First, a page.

In this addition of 50/50 we head west to California, which is quite possibly one of the most popular destinations for racing and running within the silent sports world, particularly ultrarunning. Northern California and the Marin Headlands area are home to a plethora of trails. Although it is difficult to choose just one trail system, the Santa Barbara Trails are some of the best Cali has to offer. Situated in the rustic and beautiful Santa Ynez Mountain range offering panorami views of the ocean's coast. It reminds me quite a bit of Duluth, MN with its steep hills, and trail system overlooking Lake Superior, of course the winter months are much kinder in Cali. Recently there have been wildfires that have scorched and damaged parts of the front country. Although it will heal, it is essential that this wilderness be protected. Due to its location and other variables, the uncertainty still looms.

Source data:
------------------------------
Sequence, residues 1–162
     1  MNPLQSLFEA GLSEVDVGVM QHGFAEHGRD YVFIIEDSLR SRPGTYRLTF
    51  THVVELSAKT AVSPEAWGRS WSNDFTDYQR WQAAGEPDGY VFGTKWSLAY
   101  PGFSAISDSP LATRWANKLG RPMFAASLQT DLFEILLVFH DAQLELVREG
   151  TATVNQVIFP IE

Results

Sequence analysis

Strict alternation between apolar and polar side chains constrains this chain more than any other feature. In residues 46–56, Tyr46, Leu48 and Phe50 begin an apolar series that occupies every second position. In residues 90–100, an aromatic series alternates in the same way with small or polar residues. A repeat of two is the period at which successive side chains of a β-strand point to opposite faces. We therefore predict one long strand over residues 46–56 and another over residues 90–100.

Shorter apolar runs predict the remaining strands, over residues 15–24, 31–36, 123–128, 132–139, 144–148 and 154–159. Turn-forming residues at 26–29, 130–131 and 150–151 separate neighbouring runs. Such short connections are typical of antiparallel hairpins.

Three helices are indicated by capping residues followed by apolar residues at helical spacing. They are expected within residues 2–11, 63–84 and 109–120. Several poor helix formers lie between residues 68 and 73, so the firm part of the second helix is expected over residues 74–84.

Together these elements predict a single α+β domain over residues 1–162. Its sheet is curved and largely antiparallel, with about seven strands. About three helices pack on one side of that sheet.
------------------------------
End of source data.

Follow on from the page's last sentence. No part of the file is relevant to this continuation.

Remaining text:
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By the 1950s many of the historic front-country trails had fallen into almost complete disuse. Among them were the Arroyo Burro, Franklin, and Romero Canyon trails. Concurrently, much of the private land, held in large blocks since the era of the land grant, was being broken up into smaller parcels. Foothill properties were subdivided and used for speculative purposes and ownership changed somewhat frequently.
As the land passed through a series of hands, owners became accustomed to the lack of trail use. In fact, many of the owners weren’t even aware that historic trails passed through their property. Once closed, few owners who found out about trails going through their properties wanted hikers to begin crossing their land again. Private property signs began to go up on many ranches and large land holdings.